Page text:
1. Limited time only! Sign up for a free 30min personal tutor trial with Chegg Tutors
    Dismiss Notice
Dismiss Notice
Join Physics Forums Today!
The friendliest, high quality science and math community on the planet! Everyone who loves science is here!

Homework Help: Max radius of falling liquid drop

  1. Sep 23, 2008 #1
    The max radius a fallling liquid drop can have without breaking apart is given by the equation:

    R=√(σ/gρ) where the rho is density of liquid (1000kg/m^3), and the surface tension is
    .7275J/m^2. g is gravity

    I am asked to determine the max radius of a drop in units of cm at 20 degrees celcius. Is this problem just a plug the values in problem and ignore the temperature? Is the temperature there just to throw me off?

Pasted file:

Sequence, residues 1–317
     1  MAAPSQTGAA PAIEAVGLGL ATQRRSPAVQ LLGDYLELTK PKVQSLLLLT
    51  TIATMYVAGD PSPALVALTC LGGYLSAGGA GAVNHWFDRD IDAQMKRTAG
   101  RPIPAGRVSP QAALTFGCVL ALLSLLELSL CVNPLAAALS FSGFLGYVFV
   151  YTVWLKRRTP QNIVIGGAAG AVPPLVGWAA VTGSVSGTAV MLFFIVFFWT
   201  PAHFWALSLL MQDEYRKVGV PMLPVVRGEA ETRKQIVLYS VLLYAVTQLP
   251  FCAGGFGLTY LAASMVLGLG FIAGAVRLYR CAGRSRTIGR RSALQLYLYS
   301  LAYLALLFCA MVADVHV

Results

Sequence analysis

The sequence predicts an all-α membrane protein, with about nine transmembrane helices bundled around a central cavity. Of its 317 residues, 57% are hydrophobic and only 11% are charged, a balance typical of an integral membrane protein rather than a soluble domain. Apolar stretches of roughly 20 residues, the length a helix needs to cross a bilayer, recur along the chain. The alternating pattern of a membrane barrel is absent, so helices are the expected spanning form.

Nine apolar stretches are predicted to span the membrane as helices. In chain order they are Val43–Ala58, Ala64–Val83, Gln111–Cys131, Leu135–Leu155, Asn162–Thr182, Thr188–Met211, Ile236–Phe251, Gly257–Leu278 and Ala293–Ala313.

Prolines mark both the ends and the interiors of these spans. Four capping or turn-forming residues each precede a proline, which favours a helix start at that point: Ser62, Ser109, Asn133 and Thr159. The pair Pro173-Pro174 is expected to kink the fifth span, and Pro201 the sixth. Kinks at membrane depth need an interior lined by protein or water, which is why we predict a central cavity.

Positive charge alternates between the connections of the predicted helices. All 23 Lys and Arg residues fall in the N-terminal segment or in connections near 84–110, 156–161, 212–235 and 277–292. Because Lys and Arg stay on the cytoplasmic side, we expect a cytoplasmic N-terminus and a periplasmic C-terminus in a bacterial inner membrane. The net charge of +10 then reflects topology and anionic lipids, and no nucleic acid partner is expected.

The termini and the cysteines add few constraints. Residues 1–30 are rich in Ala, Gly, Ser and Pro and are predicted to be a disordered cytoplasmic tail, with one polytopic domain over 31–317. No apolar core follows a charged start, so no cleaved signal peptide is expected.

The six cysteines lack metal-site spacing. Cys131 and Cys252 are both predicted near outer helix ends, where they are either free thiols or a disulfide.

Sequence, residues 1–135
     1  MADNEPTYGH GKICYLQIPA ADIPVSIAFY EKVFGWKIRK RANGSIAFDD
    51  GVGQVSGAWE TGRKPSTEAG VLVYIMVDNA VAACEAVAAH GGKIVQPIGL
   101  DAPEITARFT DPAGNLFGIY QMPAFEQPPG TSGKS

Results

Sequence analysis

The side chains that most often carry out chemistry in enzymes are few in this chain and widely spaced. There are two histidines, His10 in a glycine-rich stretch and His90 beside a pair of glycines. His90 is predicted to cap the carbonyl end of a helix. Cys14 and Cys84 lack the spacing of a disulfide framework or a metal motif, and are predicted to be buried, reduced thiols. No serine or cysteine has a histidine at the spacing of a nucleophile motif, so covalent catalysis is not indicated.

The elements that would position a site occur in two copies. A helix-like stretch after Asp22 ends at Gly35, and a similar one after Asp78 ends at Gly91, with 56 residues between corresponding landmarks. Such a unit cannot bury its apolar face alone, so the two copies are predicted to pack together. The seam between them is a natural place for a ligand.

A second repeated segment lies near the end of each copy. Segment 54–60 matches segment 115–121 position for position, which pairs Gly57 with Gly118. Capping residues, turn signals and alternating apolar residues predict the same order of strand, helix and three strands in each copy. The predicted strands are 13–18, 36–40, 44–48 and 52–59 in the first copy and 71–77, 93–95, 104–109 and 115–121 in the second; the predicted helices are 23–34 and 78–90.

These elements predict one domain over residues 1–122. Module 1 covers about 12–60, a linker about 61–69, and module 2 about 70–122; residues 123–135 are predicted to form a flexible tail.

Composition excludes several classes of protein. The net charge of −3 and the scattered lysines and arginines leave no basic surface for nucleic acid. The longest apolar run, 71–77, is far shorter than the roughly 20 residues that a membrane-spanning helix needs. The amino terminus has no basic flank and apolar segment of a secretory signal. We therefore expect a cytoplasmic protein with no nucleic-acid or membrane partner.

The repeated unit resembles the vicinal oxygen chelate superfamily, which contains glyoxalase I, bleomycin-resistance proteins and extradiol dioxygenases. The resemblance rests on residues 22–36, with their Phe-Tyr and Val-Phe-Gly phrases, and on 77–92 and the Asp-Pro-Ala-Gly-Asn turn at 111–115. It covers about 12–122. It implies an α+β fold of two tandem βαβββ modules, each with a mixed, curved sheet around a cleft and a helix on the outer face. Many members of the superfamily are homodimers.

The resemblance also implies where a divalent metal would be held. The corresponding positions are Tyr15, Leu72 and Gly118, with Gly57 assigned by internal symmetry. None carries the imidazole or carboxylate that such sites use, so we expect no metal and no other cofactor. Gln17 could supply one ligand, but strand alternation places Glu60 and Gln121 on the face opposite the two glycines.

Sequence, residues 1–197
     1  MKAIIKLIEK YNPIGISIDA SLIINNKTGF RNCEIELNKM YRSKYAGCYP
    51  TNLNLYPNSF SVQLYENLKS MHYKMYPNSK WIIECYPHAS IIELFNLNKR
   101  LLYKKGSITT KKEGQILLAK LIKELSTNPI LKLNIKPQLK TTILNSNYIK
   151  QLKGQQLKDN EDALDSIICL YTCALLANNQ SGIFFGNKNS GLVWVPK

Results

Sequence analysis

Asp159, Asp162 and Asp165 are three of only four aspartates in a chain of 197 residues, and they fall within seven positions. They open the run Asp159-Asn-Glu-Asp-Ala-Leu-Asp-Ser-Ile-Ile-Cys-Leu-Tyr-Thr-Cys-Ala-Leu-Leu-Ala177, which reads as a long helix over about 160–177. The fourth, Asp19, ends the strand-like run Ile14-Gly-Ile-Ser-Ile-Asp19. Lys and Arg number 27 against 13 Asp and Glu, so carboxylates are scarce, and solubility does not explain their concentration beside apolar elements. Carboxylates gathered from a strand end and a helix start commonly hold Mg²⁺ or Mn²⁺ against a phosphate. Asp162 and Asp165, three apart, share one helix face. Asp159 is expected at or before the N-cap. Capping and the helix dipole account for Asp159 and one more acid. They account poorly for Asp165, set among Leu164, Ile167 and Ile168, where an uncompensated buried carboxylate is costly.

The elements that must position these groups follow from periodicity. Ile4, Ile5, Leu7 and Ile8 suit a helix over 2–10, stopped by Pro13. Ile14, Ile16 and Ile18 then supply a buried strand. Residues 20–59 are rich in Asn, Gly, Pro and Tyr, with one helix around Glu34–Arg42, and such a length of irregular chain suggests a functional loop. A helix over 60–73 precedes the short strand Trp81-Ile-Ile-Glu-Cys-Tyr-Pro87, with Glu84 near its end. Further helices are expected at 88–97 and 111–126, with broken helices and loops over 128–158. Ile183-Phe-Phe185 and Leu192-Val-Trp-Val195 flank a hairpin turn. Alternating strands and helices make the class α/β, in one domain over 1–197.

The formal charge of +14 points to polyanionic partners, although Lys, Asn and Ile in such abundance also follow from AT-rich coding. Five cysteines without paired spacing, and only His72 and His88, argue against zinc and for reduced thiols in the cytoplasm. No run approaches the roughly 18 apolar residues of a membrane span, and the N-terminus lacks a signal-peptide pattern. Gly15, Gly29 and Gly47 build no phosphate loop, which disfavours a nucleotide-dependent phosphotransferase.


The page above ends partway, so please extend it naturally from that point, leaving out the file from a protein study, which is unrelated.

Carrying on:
2. jcsd
  3. Sep 23, 2008 #2


    User Avatar
    Homework Helper

    The density σ does have a temperature dependence, but if the σ is a given with no reference to temperature in the problem, I'd have to wonder if the real problem is having you convert units correctly.

    (Btw σ of water at 20 degrees is 0.9982071.)
Share this great discussion with others via Reddit, Google+, Twitter, or Facebook